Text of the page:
When Will Starlux Airlines Take Its First Airbus A330neo?

Taipei-based Starlux Airlines is expecting its first Airbus A330-900neo early in 2022, paving the way for the airline’s…

When Will Starlux Airlines Take Its First Airbus A330neo?

Taipei-based Starlux Airlines is expecting its first Airbus A330-900neo early in 2022, paving the way for the airline’s expansion around Asia. The twin-aisle plane will bridge the gap between the airline’s existing fleet Airbus A321neos and yet-to-arrive Airbus A350s.

Starlux Airlines is expecting its first Airbus A330neo in February 2022. Photo: Airbus

High expectations for Starlux’s first A330neo

First reported by Executive Traveller, Starlux is anticipating its first A330neo in February and is eyeing initially operating it on Taipei – Singapore flights. The Airbus will come in a two-class configuration with Recaro’s CL 3710 seats in the main cabin and yet-to-be-disclosed seats in the business cabin.

However, given Starlux’s spectacular business cabin on its existing fleet of narrowbody Airbus planes, expectations are high for the A330neo business class product. Starlux only ordered the Airbus A330neo aircraft 12 months ago. The leased jets are coming from US-based Air Lease Corporation (ALC).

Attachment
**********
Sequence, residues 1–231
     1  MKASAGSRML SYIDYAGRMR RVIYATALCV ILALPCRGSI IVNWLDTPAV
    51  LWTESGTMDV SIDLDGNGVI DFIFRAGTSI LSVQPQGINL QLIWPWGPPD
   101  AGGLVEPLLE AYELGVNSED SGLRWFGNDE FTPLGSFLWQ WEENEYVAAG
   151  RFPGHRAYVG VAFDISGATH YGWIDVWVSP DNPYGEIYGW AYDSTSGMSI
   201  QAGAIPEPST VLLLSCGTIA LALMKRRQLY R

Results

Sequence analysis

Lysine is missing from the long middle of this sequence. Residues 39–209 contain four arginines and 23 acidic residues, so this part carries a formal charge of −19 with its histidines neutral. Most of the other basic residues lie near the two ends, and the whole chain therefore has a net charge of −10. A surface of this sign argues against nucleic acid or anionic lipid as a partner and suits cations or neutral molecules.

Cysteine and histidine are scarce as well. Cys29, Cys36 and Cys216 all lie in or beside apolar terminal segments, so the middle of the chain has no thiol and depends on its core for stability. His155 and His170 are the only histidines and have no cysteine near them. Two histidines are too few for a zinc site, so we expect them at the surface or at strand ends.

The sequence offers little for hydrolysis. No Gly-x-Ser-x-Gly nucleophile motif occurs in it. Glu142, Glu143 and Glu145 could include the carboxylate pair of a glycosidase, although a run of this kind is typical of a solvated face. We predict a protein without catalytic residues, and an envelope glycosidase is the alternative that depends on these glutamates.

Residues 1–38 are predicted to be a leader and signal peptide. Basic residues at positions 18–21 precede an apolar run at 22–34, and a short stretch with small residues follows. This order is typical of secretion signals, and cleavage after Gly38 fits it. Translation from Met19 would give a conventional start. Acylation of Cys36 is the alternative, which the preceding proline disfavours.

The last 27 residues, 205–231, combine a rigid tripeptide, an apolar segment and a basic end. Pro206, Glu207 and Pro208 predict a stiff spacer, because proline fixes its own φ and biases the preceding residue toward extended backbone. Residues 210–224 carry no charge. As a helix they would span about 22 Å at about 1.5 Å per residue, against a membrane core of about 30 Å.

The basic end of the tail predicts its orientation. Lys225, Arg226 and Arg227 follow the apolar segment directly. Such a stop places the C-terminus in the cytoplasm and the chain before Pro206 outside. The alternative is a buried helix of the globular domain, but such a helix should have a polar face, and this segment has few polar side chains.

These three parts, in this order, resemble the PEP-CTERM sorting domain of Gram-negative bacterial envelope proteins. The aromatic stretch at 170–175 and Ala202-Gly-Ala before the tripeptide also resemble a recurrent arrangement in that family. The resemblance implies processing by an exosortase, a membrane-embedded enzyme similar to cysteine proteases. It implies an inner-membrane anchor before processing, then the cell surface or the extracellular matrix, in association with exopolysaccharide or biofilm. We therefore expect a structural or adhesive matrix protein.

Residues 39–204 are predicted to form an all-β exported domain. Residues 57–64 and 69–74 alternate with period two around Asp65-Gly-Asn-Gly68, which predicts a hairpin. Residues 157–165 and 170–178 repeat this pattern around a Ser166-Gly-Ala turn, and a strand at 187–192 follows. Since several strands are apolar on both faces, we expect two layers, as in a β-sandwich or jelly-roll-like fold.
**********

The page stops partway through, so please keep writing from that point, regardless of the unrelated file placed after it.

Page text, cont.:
Starlux’s well-regarded business class cabin on its existing fleet. Photo: Starlux

A bumpy ride for Starlux

It has been a bumpy ride for the airline that launched less than two years ago. Starlux launched just as international travel was about to fall off the cliff. The airline operated its first passenger flights in January 2020. Two months later, Starlus was forced to suspend all flights.

It was three months before flights took off again. Fifteen months down the track, Starlux is flying to multiple destinations around Asia. However, frequencies are slight, often only once a week. Singapore, the proposed first A330neo destination, is only seeing one Starlux flight a week right now.

Starlux’s most visited destination is Macao. The airline currently operates five return passenger flights a week to Macao plus a further two freight-only flights.

Starlux aircraft in Taipei. Photo: Starlux

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Flying within Asia continues to lag other region’s recovery

Starlux will be betting on business improving by the time the first A330neo touches down in February. With proposed North American flights on pause, Starlux is sticking to flying around Asia. But intra-Asia flying is continuing to experience weak passenger volumes.

In July, 1.5 million passengers took an international flight within Asia. In contrast, 33 million passengers took an international flight within Asia in July 2019. According to the regional airline group, the Association of Asia-Pacific Airlines (AAPA), Asia is lagging behind other regions in terms of international air travel recovery.